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15 July: news in brief

Euston funding gap defended by DfT

THE Department for Transport has conceded that plans to upgrade the existing London Euston station are not yet funded, but said this would follow when an outline business case for the work is approved. The London Borough of Camden has criticised the lack of certainty more than once, and its criticisms were echoed by the Greater London Authority last September. The scheme is separate from the HS2 station project. DfT Euston project director Kate Cohen told New Civil Engineer that she did not agree that the £1.65 billion HS2 station was being developed separately. She continued: ‘It’s not being developed separately, it’s being developed as a holistic, phased project. Of course it would be fantastic if all elements of the project, including Crossrail 2 who is proposing to have a station on the Euston site, were all funded but you have to be realistic about how you do things and the funding. Asking for the impossible is not necessarily the best way of getting the project done.’ However, she also took the point about a lack of a confirmed budget for the existing Euston. ‘Obviously there’s an issue about that. But actually because of the complexities of the building programme at Euston and the need to keep services running there are other far more important issues than just the funding of it.’

Grayling’s £9m payout to Heathrow comes under fire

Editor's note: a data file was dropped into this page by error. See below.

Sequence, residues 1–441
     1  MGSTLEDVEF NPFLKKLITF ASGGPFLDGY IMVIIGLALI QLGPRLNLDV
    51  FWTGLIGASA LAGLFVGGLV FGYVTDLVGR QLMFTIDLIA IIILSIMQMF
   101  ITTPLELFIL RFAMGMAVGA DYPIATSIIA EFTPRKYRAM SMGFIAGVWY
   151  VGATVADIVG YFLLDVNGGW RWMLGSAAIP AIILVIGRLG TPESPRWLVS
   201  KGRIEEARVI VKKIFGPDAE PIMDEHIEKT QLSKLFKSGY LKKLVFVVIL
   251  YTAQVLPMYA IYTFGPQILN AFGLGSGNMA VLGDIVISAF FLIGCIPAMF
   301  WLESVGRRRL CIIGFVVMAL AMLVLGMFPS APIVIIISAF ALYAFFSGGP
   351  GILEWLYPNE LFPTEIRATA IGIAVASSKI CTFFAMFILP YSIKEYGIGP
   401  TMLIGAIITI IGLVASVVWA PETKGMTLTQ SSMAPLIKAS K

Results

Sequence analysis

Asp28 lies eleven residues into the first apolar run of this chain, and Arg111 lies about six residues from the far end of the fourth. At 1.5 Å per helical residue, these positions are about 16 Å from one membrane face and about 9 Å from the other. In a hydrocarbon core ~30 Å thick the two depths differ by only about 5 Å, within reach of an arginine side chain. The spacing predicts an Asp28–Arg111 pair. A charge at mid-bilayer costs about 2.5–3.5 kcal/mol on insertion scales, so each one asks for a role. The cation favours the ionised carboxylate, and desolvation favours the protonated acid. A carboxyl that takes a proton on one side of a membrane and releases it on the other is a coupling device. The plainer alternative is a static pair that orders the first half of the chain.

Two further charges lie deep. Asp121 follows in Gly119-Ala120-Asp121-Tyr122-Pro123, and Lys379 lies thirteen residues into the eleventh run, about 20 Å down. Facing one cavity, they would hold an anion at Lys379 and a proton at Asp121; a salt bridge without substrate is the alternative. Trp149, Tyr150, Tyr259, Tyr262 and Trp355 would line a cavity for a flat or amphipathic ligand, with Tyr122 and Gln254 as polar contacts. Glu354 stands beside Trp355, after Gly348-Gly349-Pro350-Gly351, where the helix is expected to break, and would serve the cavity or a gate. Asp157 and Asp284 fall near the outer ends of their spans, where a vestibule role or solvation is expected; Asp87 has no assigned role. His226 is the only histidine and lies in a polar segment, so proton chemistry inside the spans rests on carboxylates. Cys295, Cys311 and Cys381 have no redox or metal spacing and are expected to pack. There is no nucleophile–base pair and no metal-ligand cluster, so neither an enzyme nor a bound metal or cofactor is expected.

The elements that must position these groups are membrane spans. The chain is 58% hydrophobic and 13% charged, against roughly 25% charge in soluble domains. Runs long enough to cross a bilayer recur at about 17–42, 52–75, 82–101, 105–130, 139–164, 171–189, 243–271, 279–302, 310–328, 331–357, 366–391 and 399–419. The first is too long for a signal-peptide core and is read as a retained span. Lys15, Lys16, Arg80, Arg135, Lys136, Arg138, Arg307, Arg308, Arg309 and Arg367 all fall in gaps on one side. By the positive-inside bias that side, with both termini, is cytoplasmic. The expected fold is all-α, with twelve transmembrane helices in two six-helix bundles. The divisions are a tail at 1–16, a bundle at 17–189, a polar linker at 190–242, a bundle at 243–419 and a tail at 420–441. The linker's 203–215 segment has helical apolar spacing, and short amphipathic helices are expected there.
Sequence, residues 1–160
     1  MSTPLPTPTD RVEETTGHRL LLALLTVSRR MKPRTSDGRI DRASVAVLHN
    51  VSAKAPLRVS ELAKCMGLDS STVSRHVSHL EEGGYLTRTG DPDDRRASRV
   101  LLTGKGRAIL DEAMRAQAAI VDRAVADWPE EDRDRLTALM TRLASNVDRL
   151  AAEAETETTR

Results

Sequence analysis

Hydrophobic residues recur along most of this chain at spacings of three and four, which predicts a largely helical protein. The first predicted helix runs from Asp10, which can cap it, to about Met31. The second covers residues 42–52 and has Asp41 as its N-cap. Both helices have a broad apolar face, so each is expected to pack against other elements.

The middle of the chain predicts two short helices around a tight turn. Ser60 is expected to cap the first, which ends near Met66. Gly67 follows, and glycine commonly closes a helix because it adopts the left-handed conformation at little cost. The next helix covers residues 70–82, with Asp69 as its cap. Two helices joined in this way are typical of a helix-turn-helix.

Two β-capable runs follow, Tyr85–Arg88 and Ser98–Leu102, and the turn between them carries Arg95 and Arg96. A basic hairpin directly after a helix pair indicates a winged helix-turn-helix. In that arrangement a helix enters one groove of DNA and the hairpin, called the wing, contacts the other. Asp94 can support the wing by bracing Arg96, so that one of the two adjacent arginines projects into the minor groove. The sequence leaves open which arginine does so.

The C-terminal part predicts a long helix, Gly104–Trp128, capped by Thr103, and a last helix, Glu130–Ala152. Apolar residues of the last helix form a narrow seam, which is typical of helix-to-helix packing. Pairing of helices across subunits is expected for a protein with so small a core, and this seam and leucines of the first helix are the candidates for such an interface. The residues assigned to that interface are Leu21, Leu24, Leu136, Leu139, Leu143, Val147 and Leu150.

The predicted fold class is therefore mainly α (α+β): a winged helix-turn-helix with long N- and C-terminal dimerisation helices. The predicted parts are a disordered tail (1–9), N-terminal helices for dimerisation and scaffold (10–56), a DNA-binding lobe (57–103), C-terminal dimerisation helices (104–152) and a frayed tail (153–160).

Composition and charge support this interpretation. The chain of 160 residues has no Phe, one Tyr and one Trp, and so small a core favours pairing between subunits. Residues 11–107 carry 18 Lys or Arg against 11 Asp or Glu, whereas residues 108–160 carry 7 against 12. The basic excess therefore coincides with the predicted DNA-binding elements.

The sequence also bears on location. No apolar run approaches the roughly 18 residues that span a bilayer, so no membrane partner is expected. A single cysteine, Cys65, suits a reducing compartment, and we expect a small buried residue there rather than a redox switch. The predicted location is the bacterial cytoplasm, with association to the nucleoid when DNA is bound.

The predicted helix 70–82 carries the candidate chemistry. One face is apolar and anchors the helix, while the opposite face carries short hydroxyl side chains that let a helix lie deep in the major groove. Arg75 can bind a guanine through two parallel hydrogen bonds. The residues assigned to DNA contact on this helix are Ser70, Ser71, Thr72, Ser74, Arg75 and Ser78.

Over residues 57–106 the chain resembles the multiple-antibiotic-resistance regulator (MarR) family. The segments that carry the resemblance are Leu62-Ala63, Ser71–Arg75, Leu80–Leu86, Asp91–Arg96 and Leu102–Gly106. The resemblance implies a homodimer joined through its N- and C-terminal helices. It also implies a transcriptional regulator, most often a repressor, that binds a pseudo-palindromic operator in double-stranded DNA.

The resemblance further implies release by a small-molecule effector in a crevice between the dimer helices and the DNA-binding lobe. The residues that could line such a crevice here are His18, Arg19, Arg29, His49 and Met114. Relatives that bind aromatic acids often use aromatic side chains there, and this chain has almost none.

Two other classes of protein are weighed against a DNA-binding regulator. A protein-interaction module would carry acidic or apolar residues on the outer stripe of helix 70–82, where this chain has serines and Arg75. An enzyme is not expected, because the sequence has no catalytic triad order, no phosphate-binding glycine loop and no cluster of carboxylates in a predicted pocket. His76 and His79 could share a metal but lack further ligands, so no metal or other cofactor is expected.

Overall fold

TRANSPORT secretary Chris Grayling has been criticised for paying £9 million to Heathrow Airport to help its preparations for HS2, because the airport will keep the money even if HS2 does not go ahead. The free market thinktank the Adam Smith Institute has dubbed the move ‘premature’. ASI head of research Matthew Lesh said: ‘It is bizarre that the government is providing compensation for something that hasn’t happened yet. This is a premature transfer on a project that is currently being brought into question entirely.’ The payment was revealed in the latest set of accounts lodged at Companies House by Heathrow Express. The DfT told the Sunday Telegraph that the compensation was part of a number of agreements to secure the future of Heathrow Express, ‘while enabling the construction of a new HS2 station at Old Oak Common’. The premium service from London Paddington to Heathrow will face new competition when Elizabeth Line services begin, although delays to the Crossrail project mean that this might not now happen before 2021.

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